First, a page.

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Am J Otol. 1987 Jul;8(4):319-22.

Fluid flow in the cochlear aqueduct and cochlea-hydrodynamic considerations in perilymph fistula, stapes gusher, and secondary endolymphatic hydrops.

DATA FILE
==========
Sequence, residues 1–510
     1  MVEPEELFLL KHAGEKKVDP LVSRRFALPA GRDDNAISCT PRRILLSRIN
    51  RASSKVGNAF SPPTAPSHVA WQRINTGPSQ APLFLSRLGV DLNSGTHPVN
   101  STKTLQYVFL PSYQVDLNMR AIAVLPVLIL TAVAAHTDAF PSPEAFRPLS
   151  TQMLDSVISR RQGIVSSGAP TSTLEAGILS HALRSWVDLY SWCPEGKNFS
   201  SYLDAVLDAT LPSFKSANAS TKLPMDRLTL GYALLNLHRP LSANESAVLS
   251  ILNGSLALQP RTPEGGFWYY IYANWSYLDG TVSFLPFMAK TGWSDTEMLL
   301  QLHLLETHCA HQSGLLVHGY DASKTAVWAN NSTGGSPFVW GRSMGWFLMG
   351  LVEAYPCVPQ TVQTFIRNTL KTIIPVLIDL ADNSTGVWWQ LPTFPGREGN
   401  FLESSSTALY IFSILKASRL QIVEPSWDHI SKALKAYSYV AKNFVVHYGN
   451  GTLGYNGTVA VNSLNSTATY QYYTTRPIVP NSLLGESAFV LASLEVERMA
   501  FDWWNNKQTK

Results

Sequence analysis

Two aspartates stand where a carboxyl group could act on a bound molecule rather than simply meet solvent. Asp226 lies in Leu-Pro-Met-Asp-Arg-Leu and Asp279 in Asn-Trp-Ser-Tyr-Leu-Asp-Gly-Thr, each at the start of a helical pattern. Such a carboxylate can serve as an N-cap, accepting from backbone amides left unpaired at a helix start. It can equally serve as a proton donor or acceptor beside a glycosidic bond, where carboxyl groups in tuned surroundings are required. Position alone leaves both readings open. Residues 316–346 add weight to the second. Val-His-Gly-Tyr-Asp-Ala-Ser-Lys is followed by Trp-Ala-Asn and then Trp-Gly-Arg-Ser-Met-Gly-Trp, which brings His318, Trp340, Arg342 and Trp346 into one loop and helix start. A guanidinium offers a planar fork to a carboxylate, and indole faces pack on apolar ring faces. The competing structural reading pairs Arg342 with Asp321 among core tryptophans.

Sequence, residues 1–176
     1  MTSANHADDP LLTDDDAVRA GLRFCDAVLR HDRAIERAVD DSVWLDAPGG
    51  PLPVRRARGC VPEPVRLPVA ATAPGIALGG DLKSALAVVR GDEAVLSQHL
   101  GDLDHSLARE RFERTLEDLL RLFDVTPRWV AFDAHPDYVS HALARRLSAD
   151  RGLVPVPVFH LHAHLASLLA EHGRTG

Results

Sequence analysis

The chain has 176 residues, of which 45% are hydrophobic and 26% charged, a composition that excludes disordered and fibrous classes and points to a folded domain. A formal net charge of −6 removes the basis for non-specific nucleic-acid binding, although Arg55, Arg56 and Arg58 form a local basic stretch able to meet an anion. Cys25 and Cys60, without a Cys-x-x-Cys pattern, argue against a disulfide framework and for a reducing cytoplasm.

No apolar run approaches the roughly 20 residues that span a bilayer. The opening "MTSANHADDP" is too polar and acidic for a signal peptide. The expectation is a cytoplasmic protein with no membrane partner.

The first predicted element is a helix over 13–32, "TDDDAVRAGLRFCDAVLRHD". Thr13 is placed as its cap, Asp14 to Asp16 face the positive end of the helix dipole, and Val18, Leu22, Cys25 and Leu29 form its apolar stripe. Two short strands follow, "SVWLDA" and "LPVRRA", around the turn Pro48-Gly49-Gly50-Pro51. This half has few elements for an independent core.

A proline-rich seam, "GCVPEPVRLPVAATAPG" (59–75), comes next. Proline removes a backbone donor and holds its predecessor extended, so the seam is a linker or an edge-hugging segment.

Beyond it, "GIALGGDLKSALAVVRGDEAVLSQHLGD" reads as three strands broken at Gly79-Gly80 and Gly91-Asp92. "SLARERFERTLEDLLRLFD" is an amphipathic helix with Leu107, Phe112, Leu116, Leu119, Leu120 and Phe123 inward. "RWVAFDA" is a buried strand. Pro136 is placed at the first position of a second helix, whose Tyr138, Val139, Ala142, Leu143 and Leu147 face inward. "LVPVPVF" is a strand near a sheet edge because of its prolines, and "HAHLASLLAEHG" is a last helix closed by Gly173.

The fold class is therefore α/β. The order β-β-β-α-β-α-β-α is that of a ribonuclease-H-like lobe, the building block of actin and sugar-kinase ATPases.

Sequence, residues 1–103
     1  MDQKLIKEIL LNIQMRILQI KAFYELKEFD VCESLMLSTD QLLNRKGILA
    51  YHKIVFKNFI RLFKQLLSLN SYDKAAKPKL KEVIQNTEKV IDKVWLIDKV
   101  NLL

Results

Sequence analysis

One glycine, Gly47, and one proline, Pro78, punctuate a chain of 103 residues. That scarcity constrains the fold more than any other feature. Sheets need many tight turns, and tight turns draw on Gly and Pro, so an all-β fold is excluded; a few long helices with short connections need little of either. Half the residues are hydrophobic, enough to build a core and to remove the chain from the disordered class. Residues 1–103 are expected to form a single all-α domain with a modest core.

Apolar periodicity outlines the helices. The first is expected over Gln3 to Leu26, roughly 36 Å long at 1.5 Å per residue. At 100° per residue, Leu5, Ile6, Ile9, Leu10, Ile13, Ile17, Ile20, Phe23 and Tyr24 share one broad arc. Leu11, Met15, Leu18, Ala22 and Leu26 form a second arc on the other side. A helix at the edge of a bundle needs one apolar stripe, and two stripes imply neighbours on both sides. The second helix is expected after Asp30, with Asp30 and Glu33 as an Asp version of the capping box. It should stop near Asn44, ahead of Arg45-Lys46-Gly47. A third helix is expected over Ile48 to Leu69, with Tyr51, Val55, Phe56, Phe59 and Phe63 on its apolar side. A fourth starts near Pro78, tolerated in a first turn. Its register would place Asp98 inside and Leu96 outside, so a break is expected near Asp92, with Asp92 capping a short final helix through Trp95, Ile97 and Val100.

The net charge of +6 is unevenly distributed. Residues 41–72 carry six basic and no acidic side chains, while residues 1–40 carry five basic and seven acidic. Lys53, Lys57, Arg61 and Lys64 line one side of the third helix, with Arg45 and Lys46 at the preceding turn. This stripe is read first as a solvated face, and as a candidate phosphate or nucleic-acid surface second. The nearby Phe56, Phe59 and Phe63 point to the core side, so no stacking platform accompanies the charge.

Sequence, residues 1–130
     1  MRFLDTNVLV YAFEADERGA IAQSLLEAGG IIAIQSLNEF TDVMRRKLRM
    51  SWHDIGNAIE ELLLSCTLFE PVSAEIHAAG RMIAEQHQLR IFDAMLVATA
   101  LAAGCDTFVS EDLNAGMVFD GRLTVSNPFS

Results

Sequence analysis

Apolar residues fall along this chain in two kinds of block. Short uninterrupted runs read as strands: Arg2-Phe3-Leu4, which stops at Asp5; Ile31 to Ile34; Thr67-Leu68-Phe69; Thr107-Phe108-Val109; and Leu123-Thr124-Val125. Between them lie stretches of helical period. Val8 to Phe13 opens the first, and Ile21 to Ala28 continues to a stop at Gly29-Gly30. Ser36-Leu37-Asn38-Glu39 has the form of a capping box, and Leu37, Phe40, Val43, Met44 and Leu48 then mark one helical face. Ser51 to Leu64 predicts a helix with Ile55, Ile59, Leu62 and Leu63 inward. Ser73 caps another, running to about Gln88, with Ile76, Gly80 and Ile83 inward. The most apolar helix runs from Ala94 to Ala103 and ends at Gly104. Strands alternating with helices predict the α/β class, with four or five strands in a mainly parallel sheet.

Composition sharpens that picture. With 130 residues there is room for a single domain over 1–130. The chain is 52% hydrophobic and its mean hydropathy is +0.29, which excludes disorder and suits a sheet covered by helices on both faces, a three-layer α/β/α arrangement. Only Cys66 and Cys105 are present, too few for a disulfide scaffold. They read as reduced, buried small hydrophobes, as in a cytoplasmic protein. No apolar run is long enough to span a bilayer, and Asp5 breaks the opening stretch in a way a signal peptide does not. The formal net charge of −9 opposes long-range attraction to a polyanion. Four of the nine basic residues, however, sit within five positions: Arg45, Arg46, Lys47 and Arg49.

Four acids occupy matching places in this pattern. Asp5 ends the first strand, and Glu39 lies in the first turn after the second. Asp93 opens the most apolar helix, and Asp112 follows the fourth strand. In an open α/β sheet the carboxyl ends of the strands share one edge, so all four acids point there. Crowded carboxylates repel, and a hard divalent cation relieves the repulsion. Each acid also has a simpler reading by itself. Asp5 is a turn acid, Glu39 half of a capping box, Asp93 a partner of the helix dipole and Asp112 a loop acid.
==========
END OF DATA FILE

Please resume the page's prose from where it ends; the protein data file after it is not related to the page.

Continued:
There is convincing evidence that the cochlear aqueduct is normally patent in humans and is of relatively constant size. It probably plays an important role in the balance between the perilymphatic, endolymphatic, and cerebrospinal fluid pressures. The flow rate of liquids through tubes is a linear function of pressure, viscosity, and length of the tube but is a fourth degree power function of the radius of the lumen. For this reason, the radius is the most critical factor determining the flow rate. Small variations in size of the cochlear aqueduct can cause very large variations in flow rate through it.

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